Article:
The Australian

By Thomas Adams

Earlier this month Janet Yellen, the chairwoman of the Federal Reserve, set off a firestorm of controversy over a speech that touched on rising economic inequality in the US. The Fed is traditionally understood to have a “dual mandate” of ensuring “maximum employment” and “stable prices”.

Thus, for a Fed chair to deliver a speech on inequality would seem part and parcel of her job description, given that both employment and purchasing power are constituent elements of how we measure economic inequality.

Yellen’s speech was fairly modest in both its analysis and its proposals. She repeated some basic economic facts that any observer paying even a modicum of attention should be familiar with. As Yellen put it, “It is no secret that the past few decades of widening inequality can be summed up as significant income and wealth gains for those at the very top and stagnant living standards for the majority”.

To remedy this trend, she suggested more resources for early childhood education, better access to university degrees, and policies that would increase business ownership while arguing that more people receiving more inheritances would boost economic opportunity. Simple statistical facts and widely accepted and uncontroversial policy prescriptions, yet by the outcry that greeted her speech in some quarters of the American media one would think Yellen had suggested that there is in fact a Santa Claus.

Michael Strain suggested in The New York Times that Yellen was going outside her job description and wading into “fundamentally moral concerns”. Meanwhile, in Forbes, Stephen Moore christened Yellen, a long-time business school professor, as America’s “class warrior in chief”. At the American Enterprise Institute, James Pethokoukis chided Yellen for even discussing inequality, suggesting her rhetoric would delegitimise the institution of the Fed.

What does this dust-up though have to say about the outlook of the American economy, in both the short and long term?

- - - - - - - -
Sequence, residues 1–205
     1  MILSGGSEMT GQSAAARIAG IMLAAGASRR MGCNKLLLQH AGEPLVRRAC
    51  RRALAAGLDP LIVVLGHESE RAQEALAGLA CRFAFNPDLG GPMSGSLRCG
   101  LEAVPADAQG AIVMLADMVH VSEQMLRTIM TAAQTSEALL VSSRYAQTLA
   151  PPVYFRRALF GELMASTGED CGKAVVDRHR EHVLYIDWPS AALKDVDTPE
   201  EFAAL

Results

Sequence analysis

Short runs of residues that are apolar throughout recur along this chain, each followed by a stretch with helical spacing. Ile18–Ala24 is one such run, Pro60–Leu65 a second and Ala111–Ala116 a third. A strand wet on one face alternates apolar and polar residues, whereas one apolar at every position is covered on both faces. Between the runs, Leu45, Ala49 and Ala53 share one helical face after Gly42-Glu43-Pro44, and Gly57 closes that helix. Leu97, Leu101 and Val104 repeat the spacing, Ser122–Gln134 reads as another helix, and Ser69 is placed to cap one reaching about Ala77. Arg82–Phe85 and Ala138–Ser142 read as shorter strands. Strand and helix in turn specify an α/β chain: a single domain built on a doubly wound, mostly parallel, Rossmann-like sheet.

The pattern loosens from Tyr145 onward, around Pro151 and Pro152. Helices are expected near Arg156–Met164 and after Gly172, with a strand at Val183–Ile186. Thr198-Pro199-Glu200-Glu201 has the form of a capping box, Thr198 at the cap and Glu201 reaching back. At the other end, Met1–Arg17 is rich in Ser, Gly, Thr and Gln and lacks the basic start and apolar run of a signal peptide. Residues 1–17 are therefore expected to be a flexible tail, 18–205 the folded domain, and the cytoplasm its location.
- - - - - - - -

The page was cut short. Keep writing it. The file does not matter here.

By now the nature of the American recovery from the global financial crisis of 2008 is in sharp relief. Stock prices have more than recovered, housing prices are generally on the rise across the US, and GDP is at an all-time high. As was clear to those who paid attention to Japan nearly two decades ago, the Fed’s policies and the increase in the monetary supply has not led to large growth in inflation.

Such indicators mask the deeply uneven nature of the American recovery. Since 2002, six years before the crash, the real wages for the bottom 70 per cent of Americans have remained stagnant. This is of course the key background to Yellen’s speech. Even as most markets have made more or less full recoveries, the distribution of this recovery has continued to be skewed away from most Americans.

Economies at all scales and levels are not abstract things but operate in a real world where politics and policies shape them. In the American context, the spectrum of political possibility is so narrowed as to suggest that these economic trends — rising markets, low inflation, and stagnant wages — will continue for the foreseeable future. This is where Yellen’s speech and its controversy come in.

The backlash that has greeted her simple remarks and modest solutions speaks to the incredible narrowing of acceptable economic policy in the US. The likelihood that Republicans will take control of the Senate and thus both chambers of congress during next week’s midterm elections means that the final two years of Barack Obama’s presidency will produce little in terms of economic policy that would affect any of these trends. In the unlikely event that Democrats retain control of the Senate, the previous four years of divided congress have made clear that any dramatic shifts in the policies that have produced this kind of recovery are unthinkable.

The difference between Republicans and Democrats on these issues is narrow and mostly of degree.

Even if one party or the other has control of congress and the presidency come January 2017, this direction in economic policy will likely continue. Both parties have made clear their attachment to growing markets and low-level inflation as the most important indicators of economic recovery.

While Democrats pay lip service to ending wage stagnation and economic inequality, the kinds of demand-side programs and redistributive policies that would actually put a dent in these trends are nearly as outside their realm of thinking as that of Republicans.

Some of this is the result of the kind of political defeat that allows an economist to be labelled a class warrior for advocating small business growth and praising the importance of inheritances. More of it comes from the long-term transition of the Democratic Party into a party that accepts that the indicators of recovery can be found in the valuation of stock portfolios.

As long as this trend continues, and there is no foreseeable political force attempting to curb it, American economic recovery will look quite stable for some but quite stagnant for others.

This article was originally published at The Australian